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Talk 4 baking - Talk 4 baking is based on talk for writing. It is strong and powerful because it is based on how children learn. It enables children to imitate the language they need for a particular topic. During our talk 4 baking activity the children put actions to words and this enables the children to actively remember the words in the sequence.
Each week we learn lots of new vocabulary. Ask your child about the new words we have been learning. The word rap song helps us to remember the words by using our voices in different ways and using actions.
Class Floor Books
These are scrap books that highlight key achievements for the children throughout the year. Photographs of key events in Nursery and Reception and exemplar pieces of work, mainly done independently by the children, are included in this book. The class floor book is a large book for recording children's learning, individually and collaboratively. Floor books are used as a strategy for developing and assessing children's understanding of the learning that has taken place and are used at part of a reflection time. Floor books are a shared document and hence invites collaboration and exchange of ideas. As children sit on the floor and work together on the same book, they discuss aspects of the topic at hand, recount memories, ask questions, add to or even content each other's opinions and observations, child voice is evident throughout.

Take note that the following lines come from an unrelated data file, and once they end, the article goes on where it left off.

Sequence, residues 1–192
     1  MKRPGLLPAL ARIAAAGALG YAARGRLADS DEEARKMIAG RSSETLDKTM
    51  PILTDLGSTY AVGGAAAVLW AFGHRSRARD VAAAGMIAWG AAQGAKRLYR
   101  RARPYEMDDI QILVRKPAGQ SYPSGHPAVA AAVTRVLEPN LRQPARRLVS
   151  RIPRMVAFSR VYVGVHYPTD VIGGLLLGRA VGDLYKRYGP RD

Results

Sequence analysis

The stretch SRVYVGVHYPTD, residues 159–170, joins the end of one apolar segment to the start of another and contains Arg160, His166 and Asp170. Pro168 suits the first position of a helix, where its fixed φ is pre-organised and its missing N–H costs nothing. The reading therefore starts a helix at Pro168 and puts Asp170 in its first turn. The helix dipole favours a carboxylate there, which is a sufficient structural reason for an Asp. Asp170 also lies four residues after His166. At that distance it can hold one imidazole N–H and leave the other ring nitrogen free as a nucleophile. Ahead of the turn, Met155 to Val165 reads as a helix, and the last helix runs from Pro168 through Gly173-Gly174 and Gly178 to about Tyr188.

Understand what is behind your children’s play and help them by observing patterns of behaviour or “schemas”.
Schemas are patterns of behaviour that appear through children’s play.
Schemas are an important part of children’s development and knowing about these play urges can help you understand why children are so determined to do things in a certain way. For more information you can watch this short video.
Finger gym activities boost communication and language and builds a foundation for handwriting later on. It improves hand eye coordination, muscle development and enriches vocabulary.
The skill of writing begins with mark making. As well as being able to write making marks can benefit a child physically and also help develop their imagination and creative skills.
Mathematics (maths) is an important part of learning for all children in the early years and receiving a good grounding in maths is an essential life skill. As well as numeracy, it helps skills such as problem solving, understanding and using shapes and measure and developing their own spatial awareness.
Enjoying books and reading stories from a very early age is crucial in the development of children. It helps with their ability to understand words, use their imagination and develop their speech, as well as being something they really enjoy.....Even from a very young age children love books.
P4C (Philosophy for children)